Plan S and small scholarly societies (comment)

Margaret DeLacy's picture

"New Deals Could Help Scientific Societies Survive Open Access by Jeffey Brainard for Science Magazine, Sept. 16, 2019

Friends:

The grant makers associated with Plan S are trying to find ways to implement their proposal without destroying the financial base of small scientific and learned societies.  According to an article, "New Deals Could Help Scientific Societies Survive Open Access by Jeffey Brainard for Science Magazine, Sept. 16, 2019 that appeard yesterday,

" . . . funders backing Plan S, the European-led effort to speed the transition to open access, released a set of contract templates and tips meant to help small, independent publishers reach deals with libraries that would eventually eliminate subscriptions while protecting revenue. The project also helped arrange pilots, which may soon be inked, that use the guidance; they will allow researchers served by library consortia to publish an unlimited number of open-access articles in return for a set fee paid to societies."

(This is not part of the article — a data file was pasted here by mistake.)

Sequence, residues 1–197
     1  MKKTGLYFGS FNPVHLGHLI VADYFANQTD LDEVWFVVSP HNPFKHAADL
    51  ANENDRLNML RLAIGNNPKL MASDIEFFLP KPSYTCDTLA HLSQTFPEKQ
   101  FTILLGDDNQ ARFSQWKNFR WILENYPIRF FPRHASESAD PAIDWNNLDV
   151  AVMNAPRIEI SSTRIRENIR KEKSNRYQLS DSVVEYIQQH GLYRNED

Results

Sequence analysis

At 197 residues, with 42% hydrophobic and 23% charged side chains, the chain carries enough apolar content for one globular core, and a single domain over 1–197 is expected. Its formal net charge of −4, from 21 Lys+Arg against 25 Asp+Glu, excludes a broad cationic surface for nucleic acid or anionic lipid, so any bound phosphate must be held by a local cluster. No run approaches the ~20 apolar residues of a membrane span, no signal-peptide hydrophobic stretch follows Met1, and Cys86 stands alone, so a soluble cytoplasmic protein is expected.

The Biochemical Society is discussing an arrangement for its seven journals with JISC, a non-profit in the UK that serves about 180 British libraries.  The Society and two other scholarly societies are also in discussions with the  Council of Australian University Librarians.  That is good news for scholars who are affiliated with societies and universities.  It is not clear to me where it leaves independent scholars--surely the smallest of small entities.  JISC is great if you happen to be British.